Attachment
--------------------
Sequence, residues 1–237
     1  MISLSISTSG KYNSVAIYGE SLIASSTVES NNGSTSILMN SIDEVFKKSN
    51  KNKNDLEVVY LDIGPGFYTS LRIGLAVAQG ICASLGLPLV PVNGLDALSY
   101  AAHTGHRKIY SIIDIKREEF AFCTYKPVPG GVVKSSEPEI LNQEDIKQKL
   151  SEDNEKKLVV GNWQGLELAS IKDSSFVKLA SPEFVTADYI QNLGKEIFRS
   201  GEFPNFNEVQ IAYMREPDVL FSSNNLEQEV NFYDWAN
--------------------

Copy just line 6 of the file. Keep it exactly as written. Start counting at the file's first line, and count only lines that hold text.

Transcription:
   201  GEFPNFNEVQ IAYMREPDVL FSSNNLEQEV NFYDWAN